FAQ: Hello World! - Pattern

This community-built FAQ covers the “Pattern” exercise from the lesson “Hello World!”.

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This exercise can be found in the following Codecademy content:

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FAQs on the exercise Pattern

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Yea sweet lets start off learning c++ by having the user guess what arbitrary number of spaces are required to pass the specs

14 Likes

Is is necessary to write std:: ?
Can we only write cout<<?

1 Like

tabs over spaces, why use spaces for this?

1 Like

I’ve been waiting for quite some time for this C++ course to come out, and i really like it! The only thing that i think is weird is that i can t see what it says it wants me to make it say, so then i have to see the solution, when i want to keep trying.

You can type:

using namespace std;

at the beginning of your program to not have to type std:: every time in your program.

Hi can someone pls tell me what I am doing wrong? I pass the exercise but on the right side it isn’t the same pattern.

#include

int main()
{

#include

int main()
{

std::cout << " 1\n";
std::cout << " 2 3\n";
std::cout << " 4 5 6\n";
std::cout << “7 8 9 10\n”;

}
}

Should be like this.

I am not able to jump the next level after printing the numbers from 1 to 10… why so?

Howdy All …
just farting around and I took a diffrent approach, learning to consolidate and comment code, requardless of language. Nothing EPIC or earth shattering but my 1st thoughts were:

code

    1
  2 3
4 5 6

7 8 9 10

it took a few tries to the align columns created. More important is it ran …follow the examples and understand the code. Then substitute and " see what happens if I change this " …
Trial and error with code is important if you want to learn how to debug!! -lol-
a good habit is developed a take sometime and investigate. It saved a few lines of code and I had to think to make it work, the space looks weird but it runs. baby steps for me and how it works >>>>>>>>>

or use the following code.

#include <iostream>
#include <stdint.h>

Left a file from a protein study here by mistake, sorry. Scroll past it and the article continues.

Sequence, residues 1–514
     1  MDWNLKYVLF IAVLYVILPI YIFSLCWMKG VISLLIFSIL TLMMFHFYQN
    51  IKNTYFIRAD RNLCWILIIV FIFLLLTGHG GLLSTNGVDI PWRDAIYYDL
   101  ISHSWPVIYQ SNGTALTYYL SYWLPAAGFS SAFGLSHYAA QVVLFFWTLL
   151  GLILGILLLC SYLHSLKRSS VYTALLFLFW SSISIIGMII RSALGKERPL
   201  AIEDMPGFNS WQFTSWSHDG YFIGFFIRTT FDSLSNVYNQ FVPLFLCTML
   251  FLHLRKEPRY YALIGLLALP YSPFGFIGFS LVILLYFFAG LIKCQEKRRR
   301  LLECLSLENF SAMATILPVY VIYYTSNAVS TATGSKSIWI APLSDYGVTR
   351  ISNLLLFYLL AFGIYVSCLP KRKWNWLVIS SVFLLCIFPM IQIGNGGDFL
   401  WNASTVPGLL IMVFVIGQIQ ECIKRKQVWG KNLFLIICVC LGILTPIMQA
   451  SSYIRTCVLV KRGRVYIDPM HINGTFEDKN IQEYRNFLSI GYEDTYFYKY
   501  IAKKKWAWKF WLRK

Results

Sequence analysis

using namespace std;

int main()
{

  uint16_t line=4,num=1, f;//You can play with line to print more numbers
  uint8_t b=line,FS;//FS=Front space
  if(line<5){f=2;}
  else if (line>=5&&line<14){f=3;}
  else {f=4;}//increase if statement and adjust f value for more lines

  for (uint8_t a=1;a<=line;a++){
        for (FS=b*f;FS>=1;FS--){
            cout<<" ";
        }
        for (uint8_t aa=1;aa<=(a-1);aa++){
                printf("%0*d ",(f-1),num);
                num++;
        }
        printf("%0*i\n",(f-1),num);
        num++;
        b--;
  }
}

or like…

#include

int main()
{

std::cout << " 1\n 2 3\n 4 5 6\n7 8 9 10\n";

}

Doing coppers way certainly works but you’d have to add in the extra spaces to maintain the format of the original output they posted.
For visually learning, I just did it the way below to keep the spacing apparent. Not necessarily the cleanest though.

#include <iostream>

int main() 
{
  
  std::cout << 
"       1\n"
"     2 3\n"
"   4 5 6\n"
"7 8 9 10\n";

}

I feel like this is a bug in their program. The output doesn’t match the description of what they’ve asked you to do. I don’t think doing a std::cout << for every single number is necessarily the most efficient, but that isn’t the point here. I did the exercise correctly based on the description and illustration - resulting in an output exactly like the one shown - but wound up having to accept the program’s solution over my own.

Nowhere does it display or ask the user to create a triangle of numbers.

Hello @sneakysquid09. Welcome to the forum.

You are exactly right. The exercise instructions do not describe the output the SCT expects. There is also an error here:
image
The actual output would be:

Hello
Goodbye

I will report this bug directly to the Codecademy Team. Thanks for bringing attention to this matter!

Update:

The instruction panel has been corrected: